Lions News · Is Your Ankle Playing Tricks on You? | Presented by Nationwide Children’s Sports Medicine


Is Your Ankle Playing Tricks on You? | Presented by Nationwide Children’s Sports Medicine

Ankle sprains happen. Athletes learn the concept of PRICE (Protect, Rest, Ice, Compression,  Elevation) early in their career as a way to manage acute (recent onset) injuries with swelling and pain. General guidelines recommend an athlete should not return fully to play until swelling has  resolved and can perform multiple repetitions of sport-specific activities without an increase in pain  or swelling. But sometimes ankle sprains keep happening, and an athlete can spend an entire season  dealing with one ankle sprain after another. Athletes may call it a trick ankle; doctors call it recurrent  ankle sprains. Sports medicine professionals call it decreased proprioception, and it is treatable.  

There are three body systems that aid in maintaining balance: vestibular, visual and somatosensory,  or proprioception. Proprioception is the body’s ability to sense where it is in space. You have  sensors in your skin, muscles and joints that give you information regarding what type of surface you  are standing on, and where your arms and legs are in relation to each other and that surface. If your  brain receives information from those sensors that you are not balanced and are going to fall, your  body reacts to first prevent the fall. If that isn’t possible, the second reaction is to protect your head  from hitting the ground. When your body sustains an injury, the swelling and tissue damage disrupt  the sensors, and balance is impaired. Even after the swelling and pain of an ankle sprain are gone,  the sensors in your body may be impaired. Training proprioceptive sensors after an injury will help  decrease the risk of further injury and prevent the next ankle sprain.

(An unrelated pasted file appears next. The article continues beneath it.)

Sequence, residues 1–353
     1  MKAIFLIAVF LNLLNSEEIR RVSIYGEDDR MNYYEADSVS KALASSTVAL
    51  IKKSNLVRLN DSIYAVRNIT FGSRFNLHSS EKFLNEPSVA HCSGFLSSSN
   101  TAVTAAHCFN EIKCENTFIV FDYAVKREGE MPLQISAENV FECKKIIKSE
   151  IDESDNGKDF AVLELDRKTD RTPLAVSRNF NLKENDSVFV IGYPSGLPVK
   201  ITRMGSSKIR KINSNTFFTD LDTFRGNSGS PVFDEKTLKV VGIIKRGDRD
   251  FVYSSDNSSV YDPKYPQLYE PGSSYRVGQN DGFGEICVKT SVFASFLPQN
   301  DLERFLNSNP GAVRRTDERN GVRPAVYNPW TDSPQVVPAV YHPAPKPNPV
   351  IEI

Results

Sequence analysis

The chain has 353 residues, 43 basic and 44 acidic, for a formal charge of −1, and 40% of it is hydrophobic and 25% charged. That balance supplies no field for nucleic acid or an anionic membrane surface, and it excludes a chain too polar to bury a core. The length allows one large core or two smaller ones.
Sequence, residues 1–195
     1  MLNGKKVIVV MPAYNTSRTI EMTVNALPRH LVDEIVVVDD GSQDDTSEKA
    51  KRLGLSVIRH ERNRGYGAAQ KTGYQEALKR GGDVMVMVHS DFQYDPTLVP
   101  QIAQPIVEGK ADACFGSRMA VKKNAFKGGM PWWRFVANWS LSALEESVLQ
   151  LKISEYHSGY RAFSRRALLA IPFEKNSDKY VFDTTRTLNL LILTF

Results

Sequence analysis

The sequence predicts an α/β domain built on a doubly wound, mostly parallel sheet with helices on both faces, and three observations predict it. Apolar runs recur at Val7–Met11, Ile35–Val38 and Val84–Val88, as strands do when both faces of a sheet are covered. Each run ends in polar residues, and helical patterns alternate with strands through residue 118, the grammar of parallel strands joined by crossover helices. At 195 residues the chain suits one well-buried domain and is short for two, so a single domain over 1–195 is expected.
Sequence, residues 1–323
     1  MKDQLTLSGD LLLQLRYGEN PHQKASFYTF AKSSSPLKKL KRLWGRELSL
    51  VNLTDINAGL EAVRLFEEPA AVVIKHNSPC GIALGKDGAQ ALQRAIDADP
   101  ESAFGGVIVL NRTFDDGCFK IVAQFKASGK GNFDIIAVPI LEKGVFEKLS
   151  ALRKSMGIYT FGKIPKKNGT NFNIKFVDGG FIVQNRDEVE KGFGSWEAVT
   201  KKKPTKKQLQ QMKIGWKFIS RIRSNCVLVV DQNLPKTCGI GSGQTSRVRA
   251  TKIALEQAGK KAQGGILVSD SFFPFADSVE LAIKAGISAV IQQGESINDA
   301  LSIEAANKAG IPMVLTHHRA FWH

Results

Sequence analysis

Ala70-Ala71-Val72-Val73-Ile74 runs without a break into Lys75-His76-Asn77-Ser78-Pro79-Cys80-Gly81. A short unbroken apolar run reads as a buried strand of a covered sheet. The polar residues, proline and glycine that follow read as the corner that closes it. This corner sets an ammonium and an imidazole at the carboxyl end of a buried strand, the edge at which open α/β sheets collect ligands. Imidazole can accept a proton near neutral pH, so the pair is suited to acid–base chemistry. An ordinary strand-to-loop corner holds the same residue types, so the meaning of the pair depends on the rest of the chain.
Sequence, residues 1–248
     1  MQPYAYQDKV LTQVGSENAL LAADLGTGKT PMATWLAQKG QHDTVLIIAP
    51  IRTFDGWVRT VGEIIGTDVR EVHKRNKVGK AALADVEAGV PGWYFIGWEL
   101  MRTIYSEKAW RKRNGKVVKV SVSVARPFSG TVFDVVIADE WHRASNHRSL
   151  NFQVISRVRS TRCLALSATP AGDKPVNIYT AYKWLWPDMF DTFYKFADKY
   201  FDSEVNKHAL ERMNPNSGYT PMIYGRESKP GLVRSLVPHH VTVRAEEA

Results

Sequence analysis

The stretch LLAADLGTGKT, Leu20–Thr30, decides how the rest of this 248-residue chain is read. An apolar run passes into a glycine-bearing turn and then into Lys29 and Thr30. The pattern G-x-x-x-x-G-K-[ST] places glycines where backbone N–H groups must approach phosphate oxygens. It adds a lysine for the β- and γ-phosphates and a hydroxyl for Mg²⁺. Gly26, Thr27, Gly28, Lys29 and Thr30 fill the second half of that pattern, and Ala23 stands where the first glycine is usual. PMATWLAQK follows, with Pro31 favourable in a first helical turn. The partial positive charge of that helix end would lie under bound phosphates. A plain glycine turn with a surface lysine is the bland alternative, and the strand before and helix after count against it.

Balance is a skill, much like free throws, handstands or juggling. Just like any other skill, you can  improve your balance by practicing it. In rehabilitation, proprioception is trained by strengthening  the muscles surrounding the ankle, and by working the ankle’s sensors.  

If you have sprained your ankle, and there is some pain and swelling, use the concepts of PRICE for  1-2 weeks until the swelling has gone, and you have no pain at rest. Then you are ready to try some  of the following exercises, which are in order of difficulty. Do not move on to the next exercise  before you can successfully perform the first one.  

For Strengthening  

  1. Stand on a stair with your injured leg, keeping your other leg straight. Slowly bend the knee  of the leg on the stair, and lightly touch the floor with the other foot-just touch it, do not  stand on it. Return to standing. You may hold onto the railing for balance if you need to.  Repeat 10-15 times.  
  2. Stand on your injured leg, rise up on your toes as far as you can and come back down.  Repeat 10-15 times.  

For Balance  

  1. Stand on one foot, hands on hips, with legs not touching. The goal is to balance 2 minutes  without falling.  
  2. Stand as in #1, and close your eyes. The goal is 2 minutes without falling.  3. Stand as in #1 in front of a wall, facing the wall, and bouncing a ball against the wall 20  times without losing your balance. 

Sports Medicine  

  1. Stand as in #3, with your foot parallel to the wall. Turn the trunk of your body 90 degrees  and bounce a ball against the wall 20 times. Repeat facing the other direction.  5. Stand as in #4, between 2 walls (as in a hallway). Keeping your foot stationary, turn and  bounce the ball off of one wall, then turn and bounce it off the other wall. Repeat 20 times.  

Increasing proprioception will not only help an athlete get into the game, and stay in the game, but it  can also help with performance. Ankle injuries may seem like a minor problem, especially if it is a  mild sprain. However, if that sprain is not properly treated, it can happen again and again. That is  why it is important to allow the injury to fully heal, before trying to continue playing. PRICE can aid  in healing quicker, but strength and balance will aid in making sure your ankle does not continue to  play tricks on you.  

Nationwide Children’s Hospital Sports Medicine specializes in diagnosing and treating sports-related  injuries in youth, adolescent, and collegiate athletes. Services are available in multiple locations  throughout central Ohio. To make an appointment, call 614-355-6000 or visit our website at www.nationwidechildrens.org/sports-medicine.

Posted by VNN